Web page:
OREGON STATE UNIVERSITY

Horning Professor opens lecture series, focus on languages and translations

09/18/2009

CORVALLIS, Ore. – The first lecture in the 2009–10 Horning Lecture Series at Oregon State University will be given by David Luft, the Horning Professor in the Humanities at OSU, on Thursday, Oct. 15, in the Memorial Union Journey Room.

The talk, which begins at 4 p.m., is free and open to the public.

In a world of many languages, translation builds bridges across the boundaries of language and culture. In this year’s Horning lecture series, experienced translators and theorists will emphasize the role of language in our lives and the way translation brings other cultures to us.

In his talk, “Why Translation Matters,” Luft will present the first in this series of five lectures, with a discussion on why translation is so important for the humanities, our culture, and the world.

Luft joined the OSU History Department in the fall of 2008 as Thomas Hart and Mary Jones Horning Professor in the Humanities. He is the author of “Eros and Inwardness in Vienna: Weininger, Musil, Doderer” (University of Chicago Press, 2003) and a book on European culture. Luft is working on another translation edition, “Hugo von Hofmannsthal and the Austrian Idea,” and writing an intellectual history of German-speaking Austria since the late 18th century.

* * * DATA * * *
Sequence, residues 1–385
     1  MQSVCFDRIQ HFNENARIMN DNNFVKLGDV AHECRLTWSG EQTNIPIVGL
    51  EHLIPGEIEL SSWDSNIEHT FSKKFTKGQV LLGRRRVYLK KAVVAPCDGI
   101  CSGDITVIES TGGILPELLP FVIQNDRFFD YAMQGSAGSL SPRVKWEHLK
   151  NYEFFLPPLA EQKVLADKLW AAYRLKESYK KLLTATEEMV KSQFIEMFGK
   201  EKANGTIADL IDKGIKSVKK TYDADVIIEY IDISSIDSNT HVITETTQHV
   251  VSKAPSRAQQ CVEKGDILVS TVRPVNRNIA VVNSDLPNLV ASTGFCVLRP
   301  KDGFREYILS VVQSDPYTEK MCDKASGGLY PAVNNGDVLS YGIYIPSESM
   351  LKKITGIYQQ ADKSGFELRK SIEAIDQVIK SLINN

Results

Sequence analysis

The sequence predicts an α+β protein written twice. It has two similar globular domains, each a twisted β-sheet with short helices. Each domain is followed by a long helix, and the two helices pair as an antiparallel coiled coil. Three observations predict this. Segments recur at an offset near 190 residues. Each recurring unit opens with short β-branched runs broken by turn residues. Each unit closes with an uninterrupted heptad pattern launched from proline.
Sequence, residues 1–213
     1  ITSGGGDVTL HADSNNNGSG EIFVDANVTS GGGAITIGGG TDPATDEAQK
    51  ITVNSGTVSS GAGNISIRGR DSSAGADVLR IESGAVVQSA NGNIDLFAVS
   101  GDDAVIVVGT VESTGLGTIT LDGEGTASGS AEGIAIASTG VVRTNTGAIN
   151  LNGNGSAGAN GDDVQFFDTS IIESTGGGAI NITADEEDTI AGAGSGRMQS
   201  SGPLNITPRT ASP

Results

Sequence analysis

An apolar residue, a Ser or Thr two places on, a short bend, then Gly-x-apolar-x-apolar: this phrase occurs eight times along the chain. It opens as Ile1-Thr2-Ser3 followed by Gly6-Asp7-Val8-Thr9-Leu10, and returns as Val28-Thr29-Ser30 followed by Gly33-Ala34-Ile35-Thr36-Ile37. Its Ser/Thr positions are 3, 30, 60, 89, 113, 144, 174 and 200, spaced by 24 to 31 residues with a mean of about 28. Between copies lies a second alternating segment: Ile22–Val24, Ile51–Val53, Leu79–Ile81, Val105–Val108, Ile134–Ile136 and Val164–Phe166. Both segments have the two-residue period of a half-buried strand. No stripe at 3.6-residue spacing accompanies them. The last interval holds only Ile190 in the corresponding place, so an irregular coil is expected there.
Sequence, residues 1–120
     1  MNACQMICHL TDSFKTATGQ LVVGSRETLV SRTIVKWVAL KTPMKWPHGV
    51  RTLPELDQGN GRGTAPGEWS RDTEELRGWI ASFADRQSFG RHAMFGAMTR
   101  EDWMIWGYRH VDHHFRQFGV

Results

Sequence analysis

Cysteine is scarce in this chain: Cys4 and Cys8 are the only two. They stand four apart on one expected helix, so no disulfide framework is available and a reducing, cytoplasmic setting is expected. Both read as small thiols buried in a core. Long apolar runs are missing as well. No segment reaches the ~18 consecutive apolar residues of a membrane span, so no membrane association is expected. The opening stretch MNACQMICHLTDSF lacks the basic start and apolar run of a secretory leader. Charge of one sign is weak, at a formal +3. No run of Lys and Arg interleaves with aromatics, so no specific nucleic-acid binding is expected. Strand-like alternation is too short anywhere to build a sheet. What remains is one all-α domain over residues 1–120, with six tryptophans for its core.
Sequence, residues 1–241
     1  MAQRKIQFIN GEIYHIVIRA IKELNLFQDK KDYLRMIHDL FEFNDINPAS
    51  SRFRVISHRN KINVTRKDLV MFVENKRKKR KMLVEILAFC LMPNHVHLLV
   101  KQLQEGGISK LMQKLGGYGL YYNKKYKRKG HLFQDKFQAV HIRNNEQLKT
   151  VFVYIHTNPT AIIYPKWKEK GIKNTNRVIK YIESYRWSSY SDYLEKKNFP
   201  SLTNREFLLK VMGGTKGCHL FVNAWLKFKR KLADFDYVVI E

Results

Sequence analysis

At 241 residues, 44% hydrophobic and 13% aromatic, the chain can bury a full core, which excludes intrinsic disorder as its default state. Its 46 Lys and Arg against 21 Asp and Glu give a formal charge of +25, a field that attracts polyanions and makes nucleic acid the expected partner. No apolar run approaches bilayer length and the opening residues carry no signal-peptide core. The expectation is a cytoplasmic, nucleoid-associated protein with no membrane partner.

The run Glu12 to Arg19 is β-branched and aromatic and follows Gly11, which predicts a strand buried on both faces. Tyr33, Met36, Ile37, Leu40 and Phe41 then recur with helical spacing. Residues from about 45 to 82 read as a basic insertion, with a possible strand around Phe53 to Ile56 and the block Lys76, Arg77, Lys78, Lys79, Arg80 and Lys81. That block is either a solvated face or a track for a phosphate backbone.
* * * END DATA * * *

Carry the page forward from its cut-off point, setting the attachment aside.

The four other lectures in the “Translation: Crossing borders, crossing cultures” series are:

  • Nov. 5: “A Life in Translation,” Michael Henry Heim, University of California, Los Angeles;
  • Feb. 11: “Translation, Intertextuality, Interpretation,” Lawrence Venuti, Temple University;
  • May 13: “The Future of Translation” Burton Pike, City University of New York;
  • May 27:“Translation Is Writing: Borges in/on Translation,” Suzanne J. Levine, University of California, Santa Barbara.

The Horning Lecture Series is made possible through the support of the Horning Endowment in the Humanities. For more information, contact the History Department at 541-737-8560 or visit www.oregonstate.edu/cla/history

Events are free and open to the public.